MANILA (REUTERS) - The Philippine economy gathered momentum in the final quarter even though full-year growth slid to an eight-year low and missed the target, tempered by weakness in agriculture and the impact of budget approval delays.
Gross domestic product grew 6.4 per cent in the last three months of the year from a year ago, the statistics agency said on Thursday (Jan 23), missing the 6.5 per cent forecast in a Reuters poll.
However, it was faster than the previous quarter's revised growth of 6.0 per cent, thanks to strong domestic demand and government spending.
That brought full-year growth to 5.9 per cent, missing the low-end of the government's 6.0 per cent-6.5 per cent expansion target. It marked the lowest growth in eight years, according to Socioeconomic Planning Secretary Ernesto Pernia.
Noting weakness in exports, analysts at Capital Economics say the fourth quarter rebound in growth is unlikely to last, adding the 6.4 per cent expansion "will be as good as it gets.".
The economy, which grew 6.2 per cent in 2018, remains one of Asia's fastest growing economies.
The pick up in fourth quarter growth reflected strong domestic consumption, underpinned by benign inflation, as well as a faster turnaround in government outlays, which offset weak farm output and trade.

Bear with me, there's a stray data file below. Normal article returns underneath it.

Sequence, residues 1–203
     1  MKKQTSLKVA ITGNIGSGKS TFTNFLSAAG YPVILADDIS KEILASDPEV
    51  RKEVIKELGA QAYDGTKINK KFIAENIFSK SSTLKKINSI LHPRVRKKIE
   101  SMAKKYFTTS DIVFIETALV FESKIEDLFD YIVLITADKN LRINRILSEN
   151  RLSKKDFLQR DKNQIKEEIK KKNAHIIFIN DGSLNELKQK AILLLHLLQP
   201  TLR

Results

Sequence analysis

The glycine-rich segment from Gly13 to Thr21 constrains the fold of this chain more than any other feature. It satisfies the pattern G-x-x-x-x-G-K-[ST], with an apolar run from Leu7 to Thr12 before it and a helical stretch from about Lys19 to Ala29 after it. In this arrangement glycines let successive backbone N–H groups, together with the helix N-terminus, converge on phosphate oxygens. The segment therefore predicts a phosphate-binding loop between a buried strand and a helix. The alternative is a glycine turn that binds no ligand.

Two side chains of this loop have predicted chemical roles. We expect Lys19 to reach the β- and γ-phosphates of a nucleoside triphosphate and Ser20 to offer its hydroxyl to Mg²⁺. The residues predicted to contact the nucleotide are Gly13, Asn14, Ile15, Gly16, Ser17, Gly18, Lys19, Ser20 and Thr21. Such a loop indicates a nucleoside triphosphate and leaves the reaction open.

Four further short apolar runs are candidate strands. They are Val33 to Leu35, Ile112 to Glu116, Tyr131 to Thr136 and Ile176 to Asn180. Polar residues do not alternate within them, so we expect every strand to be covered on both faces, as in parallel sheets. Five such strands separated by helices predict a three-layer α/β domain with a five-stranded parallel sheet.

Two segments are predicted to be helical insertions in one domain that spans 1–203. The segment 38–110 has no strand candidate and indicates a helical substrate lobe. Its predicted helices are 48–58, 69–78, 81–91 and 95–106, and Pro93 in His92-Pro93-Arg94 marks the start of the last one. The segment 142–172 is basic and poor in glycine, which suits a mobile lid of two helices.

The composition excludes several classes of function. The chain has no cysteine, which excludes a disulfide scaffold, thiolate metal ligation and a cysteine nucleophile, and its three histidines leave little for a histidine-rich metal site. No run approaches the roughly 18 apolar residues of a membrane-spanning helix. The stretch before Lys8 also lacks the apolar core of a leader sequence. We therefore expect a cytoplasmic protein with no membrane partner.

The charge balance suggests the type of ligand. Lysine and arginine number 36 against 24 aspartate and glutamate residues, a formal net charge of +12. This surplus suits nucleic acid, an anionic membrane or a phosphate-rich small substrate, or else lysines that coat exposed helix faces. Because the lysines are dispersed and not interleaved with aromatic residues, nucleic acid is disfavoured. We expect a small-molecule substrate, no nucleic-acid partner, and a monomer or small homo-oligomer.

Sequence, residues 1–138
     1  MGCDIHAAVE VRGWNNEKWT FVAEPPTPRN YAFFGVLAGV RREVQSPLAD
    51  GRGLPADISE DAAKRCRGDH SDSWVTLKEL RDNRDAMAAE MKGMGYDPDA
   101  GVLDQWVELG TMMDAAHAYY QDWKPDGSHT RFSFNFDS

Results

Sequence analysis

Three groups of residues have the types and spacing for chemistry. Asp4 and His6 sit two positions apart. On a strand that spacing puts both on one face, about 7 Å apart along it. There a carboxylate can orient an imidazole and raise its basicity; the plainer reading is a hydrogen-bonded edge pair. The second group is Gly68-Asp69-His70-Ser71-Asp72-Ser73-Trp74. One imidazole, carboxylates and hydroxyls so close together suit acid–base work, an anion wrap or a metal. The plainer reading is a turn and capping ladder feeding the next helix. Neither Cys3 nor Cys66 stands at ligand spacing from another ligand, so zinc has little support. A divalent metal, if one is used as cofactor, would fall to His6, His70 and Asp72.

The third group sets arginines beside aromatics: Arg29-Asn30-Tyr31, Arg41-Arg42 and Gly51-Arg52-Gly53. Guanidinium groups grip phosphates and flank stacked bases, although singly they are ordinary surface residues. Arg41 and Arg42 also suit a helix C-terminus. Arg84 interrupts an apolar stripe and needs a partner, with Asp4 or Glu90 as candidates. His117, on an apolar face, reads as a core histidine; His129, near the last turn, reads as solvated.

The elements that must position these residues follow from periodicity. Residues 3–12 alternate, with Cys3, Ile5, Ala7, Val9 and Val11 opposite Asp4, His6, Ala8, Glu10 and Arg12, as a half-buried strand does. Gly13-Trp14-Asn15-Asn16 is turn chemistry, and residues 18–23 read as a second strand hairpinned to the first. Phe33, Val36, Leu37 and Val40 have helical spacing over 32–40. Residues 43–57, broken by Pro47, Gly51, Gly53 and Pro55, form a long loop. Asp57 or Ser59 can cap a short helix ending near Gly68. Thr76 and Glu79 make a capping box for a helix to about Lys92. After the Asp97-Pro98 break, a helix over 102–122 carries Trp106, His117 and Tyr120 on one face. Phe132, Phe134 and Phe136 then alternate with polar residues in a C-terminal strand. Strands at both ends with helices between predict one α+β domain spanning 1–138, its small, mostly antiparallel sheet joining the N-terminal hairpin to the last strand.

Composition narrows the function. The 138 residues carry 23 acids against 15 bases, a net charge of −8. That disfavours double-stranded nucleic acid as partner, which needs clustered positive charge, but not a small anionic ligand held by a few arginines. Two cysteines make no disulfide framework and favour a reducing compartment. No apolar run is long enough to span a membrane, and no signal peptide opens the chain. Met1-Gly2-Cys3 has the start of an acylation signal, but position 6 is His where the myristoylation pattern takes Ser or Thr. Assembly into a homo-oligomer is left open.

"A full percentage point was lost because of the delay in the passage of budget. We could have grown close to if not right smack 7 per cent," Mr Pernia said.
The below-target growth in 2019 may prompt the central bank to resume easing within the first quarter, either through a cut in the policy interest rate or banks' reserve requirement ratio, said Bank of the Philippine Islands economist Emilio Neri.
The Bangko Sentral ng Pilipinas holds its first policy meeting this year on Feb. 6.
With inflation having averaged 2.5 per cent last year, well inside the BSP's 2.0 per cent-4.0 per cent target range, the central bank has said it could afford to resume easing monetary policy this year after last year's three interest rate cuts totalling 75 basis points.
The government's efforts to catch up with its expenditure plans, which were delayed by the approval of last year's budget, have paid off with public spending up 22 per cent in November from a year ago.
"This key engine of growth is expected to provide further support for the economy in 2020, assuming no further delay in budget approval," said Mr Jiaxin Lu, economist at Continuum Economics.
President Rodrigo Duterte this month signed a record 4.1 trillion pesos (S$108.5 billion) budget for this year, up 12 per cent from last year, ensuring timely funding for an infrastructure overhaul in the country of more than 105 million people.
Political squabbling in Congress, however, delayed last year's budget approval by four months, weighing down the Southeast Asian nation's economic growth.
The government is targeting economic growth of 6.5 per cent-7.5 per cent this year.
The central bank is optimistic that 7 per cent growth is attainable this year.